In Missouri, organized collecting of folk songs began with Belden’s awakening to Missouri’s music. He started by collecting songs from his students, then picked up speed when he asked students to collect from friends, relatives, neighbors and acquaintances. “This fever of activity continued until approximately 1917, when disruption caused by the European war made continuance of the effort difficult,” Wolz wrote. By then, more than 100 people, most of them MU students or alumni, had contributed folksongs they knew or collected from others. Belden sorted, annotated and compiled songs in the landmark work, Ballads and Songs, which includes 610 text variants of 284 songs, as well as 70 tunes. Ada Belle’s dozen appear in the compilation, which Alan Lomax, longtime director of the Library of Congress Archive of American Folk Song, called one of the most important books of its kind.
But Ada Belle probably didn’t think of her ballads as folk songs in the way academics do, says Lisa Higgins, PhD ’08, who directs the Missouri Folk Arts Program at MU. “This was the music that she grew up with. This is what people played on Friday night. She liked it enough to write down the words so she could remember them.” Ada Belle’s personal reference book of lyrics was her ballad book, likely pronounced “ballot book” in the vernacular, Higgins says.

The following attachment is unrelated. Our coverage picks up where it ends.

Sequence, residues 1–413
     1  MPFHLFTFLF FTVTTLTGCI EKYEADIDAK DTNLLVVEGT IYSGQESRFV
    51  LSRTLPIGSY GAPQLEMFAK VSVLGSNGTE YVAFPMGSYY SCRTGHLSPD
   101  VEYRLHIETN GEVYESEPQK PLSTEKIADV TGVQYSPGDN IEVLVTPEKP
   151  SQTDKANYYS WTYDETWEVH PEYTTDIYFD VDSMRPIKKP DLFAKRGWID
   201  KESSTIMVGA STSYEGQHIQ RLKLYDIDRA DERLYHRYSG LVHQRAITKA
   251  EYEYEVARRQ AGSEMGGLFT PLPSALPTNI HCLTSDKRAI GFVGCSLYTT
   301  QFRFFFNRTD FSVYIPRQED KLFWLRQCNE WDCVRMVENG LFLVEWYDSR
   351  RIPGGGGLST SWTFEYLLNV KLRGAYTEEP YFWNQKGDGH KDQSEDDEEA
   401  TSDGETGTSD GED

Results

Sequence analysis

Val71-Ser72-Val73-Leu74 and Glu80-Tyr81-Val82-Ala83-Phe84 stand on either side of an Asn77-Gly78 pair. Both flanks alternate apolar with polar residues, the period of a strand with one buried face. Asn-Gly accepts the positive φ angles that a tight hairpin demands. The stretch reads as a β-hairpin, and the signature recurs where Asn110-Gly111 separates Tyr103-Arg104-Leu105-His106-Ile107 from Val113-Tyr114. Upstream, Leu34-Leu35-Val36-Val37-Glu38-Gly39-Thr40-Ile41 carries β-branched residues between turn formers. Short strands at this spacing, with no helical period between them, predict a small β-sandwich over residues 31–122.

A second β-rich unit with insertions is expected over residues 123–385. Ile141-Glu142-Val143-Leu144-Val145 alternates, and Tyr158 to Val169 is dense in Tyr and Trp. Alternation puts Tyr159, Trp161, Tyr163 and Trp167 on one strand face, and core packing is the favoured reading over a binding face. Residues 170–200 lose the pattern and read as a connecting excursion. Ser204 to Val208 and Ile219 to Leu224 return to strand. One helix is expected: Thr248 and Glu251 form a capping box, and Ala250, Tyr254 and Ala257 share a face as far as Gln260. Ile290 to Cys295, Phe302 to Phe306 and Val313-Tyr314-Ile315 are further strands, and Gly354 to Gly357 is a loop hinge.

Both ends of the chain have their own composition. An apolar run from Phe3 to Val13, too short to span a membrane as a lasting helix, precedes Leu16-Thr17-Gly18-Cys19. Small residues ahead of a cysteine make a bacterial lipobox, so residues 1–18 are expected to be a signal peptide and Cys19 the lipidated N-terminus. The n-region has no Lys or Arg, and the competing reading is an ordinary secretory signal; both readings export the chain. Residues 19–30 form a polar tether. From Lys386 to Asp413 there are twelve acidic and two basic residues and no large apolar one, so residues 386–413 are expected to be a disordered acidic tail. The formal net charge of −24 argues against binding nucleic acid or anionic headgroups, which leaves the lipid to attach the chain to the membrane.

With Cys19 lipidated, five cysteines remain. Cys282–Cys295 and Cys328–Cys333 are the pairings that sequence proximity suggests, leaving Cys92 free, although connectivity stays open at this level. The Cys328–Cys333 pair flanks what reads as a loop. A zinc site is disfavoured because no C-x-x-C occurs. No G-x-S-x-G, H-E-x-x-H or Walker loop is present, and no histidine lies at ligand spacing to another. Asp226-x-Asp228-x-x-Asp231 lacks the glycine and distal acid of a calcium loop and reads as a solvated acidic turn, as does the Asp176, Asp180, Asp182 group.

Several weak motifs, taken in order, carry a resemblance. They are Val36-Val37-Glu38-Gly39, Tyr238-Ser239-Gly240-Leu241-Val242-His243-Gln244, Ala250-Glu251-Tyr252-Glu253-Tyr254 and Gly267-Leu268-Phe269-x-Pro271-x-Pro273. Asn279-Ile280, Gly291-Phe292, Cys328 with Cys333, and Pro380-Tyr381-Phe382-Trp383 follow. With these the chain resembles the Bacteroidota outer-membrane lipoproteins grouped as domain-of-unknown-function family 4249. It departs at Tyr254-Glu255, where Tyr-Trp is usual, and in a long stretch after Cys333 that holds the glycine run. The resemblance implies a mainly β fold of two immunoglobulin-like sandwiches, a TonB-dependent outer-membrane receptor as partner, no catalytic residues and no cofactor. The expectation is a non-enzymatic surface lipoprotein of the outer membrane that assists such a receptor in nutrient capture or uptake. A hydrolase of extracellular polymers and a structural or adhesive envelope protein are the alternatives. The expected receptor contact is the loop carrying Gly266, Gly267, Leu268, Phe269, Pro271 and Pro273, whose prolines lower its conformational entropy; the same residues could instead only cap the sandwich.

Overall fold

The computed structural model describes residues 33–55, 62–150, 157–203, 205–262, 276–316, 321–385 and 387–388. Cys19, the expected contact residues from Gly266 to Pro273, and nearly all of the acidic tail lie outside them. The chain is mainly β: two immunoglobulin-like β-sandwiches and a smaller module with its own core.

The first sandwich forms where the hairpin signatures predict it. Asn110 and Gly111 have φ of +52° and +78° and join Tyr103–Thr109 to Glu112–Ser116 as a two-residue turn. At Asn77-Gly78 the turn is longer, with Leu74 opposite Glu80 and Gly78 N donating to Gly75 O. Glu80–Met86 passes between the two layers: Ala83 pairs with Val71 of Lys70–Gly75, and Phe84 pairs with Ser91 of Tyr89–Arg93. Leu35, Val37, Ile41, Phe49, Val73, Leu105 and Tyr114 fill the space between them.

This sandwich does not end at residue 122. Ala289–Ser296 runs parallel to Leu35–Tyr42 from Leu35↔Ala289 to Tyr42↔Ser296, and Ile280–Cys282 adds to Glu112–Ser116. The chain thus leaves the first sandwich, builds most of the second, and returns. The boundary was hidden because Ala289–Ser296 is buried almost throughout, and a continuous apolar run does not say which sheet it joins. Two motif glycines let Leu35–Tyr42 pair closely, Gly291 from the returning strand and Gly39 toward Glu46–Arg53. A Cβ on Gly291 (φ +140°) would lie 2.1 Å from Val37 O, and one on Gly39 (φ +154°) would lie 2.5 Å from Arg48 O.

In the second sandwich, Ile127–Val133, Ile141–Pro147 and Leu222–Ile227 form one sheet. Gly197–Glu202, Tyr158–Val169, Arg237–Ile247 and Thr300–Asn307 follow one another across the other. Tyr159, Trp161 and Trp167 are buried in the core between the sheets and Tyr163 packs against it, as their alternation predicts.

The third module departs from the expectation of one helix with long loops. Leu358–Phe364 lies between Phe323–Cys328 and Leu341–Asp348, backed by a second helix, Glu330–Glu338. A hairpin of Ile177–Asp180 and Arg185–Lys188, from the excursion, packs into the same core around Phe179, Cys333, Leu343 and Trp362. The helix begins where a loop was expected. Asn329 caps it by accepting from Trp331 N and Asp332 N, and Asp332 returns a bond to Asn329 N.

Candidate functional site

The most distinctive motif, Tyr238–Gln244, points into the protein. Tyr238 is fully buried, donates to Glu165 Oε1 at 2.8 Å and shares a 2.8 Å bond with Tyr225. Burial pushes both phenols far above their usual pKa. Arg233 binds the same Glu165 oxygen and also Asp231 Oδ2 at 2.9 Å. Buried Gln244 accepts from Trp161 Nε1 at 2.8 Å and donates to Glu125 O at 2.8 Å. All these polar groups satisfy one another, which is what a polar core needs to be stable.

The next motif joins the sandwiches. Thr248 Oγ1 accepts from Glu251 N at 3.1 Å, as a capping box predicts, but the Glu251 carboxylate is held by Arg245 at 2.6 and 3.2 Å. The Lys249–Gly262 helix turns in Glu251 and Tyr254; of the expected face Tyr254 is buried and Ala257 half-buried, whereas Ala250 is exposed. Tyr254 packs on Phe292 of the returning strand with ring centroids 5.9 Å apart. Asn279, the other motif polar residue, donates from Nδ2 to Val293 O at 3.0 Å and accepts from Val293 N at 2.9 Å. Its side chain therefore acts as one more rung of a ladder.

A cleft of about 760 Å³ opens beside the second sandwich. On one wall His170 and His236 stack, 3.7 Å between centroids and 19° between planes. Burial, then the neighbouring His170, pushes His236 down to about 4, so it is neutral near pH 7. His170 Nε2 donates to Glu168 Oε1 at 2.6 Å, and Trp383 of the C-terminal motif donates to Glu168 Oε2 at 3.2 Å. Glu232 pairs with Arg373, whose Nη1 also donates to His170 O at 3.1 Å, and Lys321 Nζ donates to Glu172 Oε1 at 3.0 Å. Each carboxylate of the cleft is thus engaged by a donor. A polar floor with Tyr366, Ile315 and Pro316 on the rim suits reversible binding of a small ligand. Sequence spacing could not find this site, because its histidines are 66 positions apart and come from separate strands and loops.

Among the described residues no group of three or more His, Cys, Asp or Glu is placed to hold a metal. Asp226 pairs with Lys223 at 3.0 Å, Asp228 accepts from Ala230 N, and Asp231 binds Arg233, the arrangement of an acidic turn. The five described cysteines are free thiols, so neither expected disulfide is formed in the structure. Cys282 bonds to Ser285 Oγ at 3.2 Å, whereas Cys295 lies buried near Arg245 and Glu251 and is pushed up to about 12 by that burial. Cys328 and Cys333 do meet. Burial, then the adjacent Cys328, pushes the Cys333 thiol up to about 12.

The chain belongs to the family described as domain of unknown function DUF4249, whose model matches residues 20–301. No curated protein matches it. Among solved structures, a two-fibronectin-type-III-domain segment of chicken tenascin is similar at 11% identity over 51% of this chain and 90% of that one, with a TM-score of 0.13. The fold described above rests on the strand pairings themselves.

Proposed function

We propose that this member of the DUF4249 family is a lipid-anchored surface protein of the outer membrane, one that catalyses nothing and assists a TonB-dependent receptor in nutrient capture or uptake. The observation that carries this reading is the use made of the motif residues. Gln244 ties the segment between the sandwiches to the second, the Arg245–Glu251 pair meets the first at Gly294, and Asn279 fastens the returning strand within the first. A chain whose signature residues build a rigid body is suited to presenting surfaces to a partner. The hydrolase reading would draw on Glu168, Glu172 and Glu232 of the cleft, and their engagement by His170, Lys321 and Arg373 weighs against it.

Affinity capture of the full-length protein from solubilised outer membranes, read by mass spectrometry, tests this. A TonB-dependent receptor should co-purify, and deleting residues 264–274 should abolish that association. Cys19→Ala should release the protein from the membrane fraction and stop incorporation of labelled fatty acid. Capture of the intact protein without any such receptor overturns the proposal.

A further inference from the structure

Love and death
Making ballad books is part of a long tradition in England and Scotland as early as the 17th century, Marshall says. “The practice continued, mostly among women, in the U.S. They could be in the form of a very old document of parchment leaves painstakingly written on and sewn together, or could be something as simple as a photo album or spiral notebook. Ballads, of course, tell stories, and through the centuries they have been a prime channel for a culture’s oral history, sending it down to the future through song. Lots of the old British ballads morphed into “Missouri” or “American” ballads with simple changes of names and places.” For example, the precursor to the Carter Family’s 1920s rendition of “Black Jack David” is “The Gypsy Laddie,” with origins in the British Isles in the 1600s. Centuries later, the protagonist still leaves her husband, baby and comfy feather bed to run off with a gypsy.